types are not treated as namespaces i.e. you cannot reference it’s members by the
TypeName.Member syntax which is extremely common in other languages. A more complete example:
type MyType = Variant1 | Variant2 doSomething : MyType -> Int doSomething thing = case thing of MyType.Variant1 -> 1 -- Compiler complains that it can't find #MyType.Variant1# MyType.Variant1 -> 2 -- ditto
Basically, this became a problem for me when I was mapping between two data structures and I wound up with two modules that had types with members of the same name. Okay, how do I disambiguate these names? The obvious syntax from most other languages didn’t work. This got me stuck against a wall for about an hour and searching in vain for answers to this problem. Even more frustrating, no one seems to have encountered it before. Or they have but figured it out as I later did and it’s never occurred to anyone this can be a real bummer if you’re new to Elm. Example code:
type WhichEntity = Entity1 | Entity2
import Module1 exposing (WhichEntity(..)) type SelectedEntity = Entity1 | Entity2 fromRequestMsg : WhichEntity -> SelectedEntity -- This implementation doesn't work -- Compiler complains that we're matching WhichEntity against variants of SelectedEntity fromRequestMsg whichEntity = case whichEntity of Entity1 -> Entity1 Entity2 -> Entity2 -- This implementation doesn't work either -- Compiler complains that it can't find the names #WhichEntity.Entity1# and #WhichEntity.Entity2# fromRequestMsg whichEntity = case whichEntity of WhichEntity.Entity1 -> Entity1 WhichEntity.Entity2 -> Entity2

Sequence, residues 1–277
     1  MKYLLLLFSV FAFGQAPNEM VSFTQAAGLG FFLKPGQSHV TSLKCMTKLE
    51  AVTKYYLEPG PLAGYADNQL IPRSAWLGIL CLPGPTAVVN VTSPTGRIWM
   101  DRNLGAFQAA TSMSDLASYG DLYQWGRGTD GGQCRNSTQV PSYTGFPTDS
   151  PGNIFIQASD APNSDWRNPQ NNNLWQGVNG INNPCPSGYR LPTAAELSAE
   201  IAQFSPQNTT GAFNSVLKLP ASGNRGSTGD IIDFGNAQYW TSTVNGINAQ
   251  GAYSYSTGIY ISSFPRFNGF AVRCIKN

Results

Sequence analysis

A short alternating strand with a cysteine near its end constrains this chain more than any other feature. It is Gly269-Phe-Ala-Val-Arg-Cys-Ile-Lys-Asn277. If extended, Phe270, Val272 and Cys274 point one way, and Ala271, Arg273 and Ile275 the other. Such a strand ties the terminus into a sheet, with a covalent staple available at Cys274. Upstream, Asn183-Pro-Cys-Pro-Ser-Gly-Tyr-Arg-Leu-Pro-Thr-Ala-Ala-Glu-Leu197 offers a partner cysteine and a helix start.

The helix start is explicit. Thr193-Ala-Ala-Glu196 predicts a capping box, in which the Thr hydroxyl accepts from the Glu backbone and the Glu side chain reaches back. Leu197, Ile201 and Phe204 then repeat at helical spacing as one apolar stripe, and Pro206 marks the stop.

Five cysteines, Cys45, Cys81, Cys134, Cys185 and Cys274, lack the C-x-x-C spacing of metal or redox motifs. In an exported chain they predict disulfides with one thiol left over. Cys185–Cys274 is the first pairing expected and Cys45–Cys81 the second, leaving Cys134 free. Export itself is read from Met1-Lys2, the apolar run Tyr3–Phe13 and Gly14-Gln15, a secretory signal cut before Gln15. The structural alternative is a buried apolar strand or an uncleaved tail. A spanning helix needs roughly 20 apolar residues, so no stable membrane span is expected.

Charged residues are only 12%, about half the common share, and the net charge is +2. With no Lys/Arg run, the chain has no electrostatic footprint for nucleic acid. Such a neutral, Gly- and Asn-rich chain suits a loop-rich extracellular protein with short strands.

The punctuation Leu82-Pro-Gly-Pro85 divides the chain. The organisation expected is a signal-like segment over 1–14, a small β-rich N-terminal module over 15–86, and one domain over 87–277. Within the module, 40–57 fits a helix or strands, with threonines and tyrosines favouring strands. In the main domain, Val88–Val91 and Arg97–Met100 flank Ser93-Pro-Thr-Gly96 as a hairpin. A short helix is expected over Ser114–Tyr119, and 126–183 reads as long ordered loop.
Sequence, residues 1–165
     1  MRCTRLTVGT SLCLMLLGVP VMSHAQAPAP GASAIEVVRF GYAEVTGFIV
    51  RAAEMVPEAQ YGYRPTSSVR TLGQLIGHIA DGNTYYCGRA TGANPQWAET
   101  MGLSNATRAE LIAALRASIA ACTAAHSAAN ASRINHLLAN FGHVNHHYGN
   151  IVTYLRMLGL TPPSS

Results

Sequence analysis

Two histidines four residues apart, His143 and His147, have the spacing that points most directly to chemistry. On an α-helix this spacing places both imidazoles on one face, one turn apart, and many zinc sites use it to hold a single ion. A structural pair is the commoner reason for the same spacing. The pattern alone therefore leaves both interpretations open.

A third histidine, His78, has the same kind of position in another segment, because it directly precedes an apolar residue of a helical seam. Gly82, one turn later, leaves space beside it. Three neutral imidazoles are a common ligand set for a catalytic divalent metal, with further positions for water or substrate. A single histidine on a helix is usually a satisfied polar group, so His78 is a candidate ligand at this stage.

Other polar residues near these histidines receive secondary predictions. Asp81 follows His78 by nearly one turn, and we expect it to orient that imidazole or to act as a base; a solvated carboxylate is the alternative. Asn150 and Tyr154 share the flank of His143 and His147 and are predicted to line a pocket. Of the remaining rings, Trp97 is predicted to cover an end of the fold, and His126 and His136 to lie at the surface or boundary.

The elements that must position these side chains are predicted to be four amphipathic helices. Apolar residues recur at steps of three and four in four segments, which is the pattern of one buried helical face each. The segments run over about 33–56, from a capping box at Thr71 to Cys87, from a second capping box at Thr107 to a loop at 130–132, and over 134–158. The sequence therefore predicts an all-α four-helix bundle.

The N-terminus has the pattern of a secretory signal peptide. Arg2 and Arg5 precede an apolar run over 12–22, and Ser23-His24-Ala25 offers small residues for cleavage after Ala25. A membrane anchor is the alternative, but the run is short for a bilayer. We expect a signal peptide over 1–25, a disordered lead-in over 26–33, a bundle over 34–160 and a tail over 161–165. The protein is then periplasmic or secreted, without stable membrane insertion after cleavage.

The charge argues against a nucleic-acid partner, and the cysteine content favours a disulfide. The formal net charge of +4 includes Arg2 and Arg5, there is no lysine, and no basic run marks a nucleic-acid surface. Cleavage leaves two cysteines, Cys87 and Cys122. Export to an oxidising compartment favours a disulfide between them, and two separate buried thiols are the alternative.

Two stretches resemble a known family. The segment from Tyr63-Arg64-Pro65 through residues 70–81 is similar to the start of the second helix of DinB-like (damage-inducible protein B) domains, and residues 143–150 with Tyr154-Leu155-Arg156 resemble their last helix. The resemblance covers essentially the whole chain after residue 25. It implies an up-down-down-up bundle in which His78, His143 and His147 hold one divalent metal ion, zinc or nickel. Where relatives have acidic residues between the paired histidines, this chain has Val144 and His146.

fromRequestMsg whichEntity = case whichEntity of Module1.Entity1 -> Entity1 Module1.Entity2 -> Entity2
But this strikes me as so utterly non-obvious as to be almost intentionally contrived. When I am thinking about my union types, I think of the variants as members of the type not members of the module and so my first inclination on how to reference / instantiate / disambiguate them is by dereferencing the type, not the module! This is especially the case if you are coming from places like Java, C++, Python, C#, Rust, etc as I of course am and I suspect many are, where
enum members often can’t exist in isolation, and must be dereferenced from the overarching type name.
I have to imagine there’s a reason and I’d like to understand why so I don’t go developing bad opinions that are poorly informed
If there is no reason and this is some oversight for years and years, can I formerly suggest it?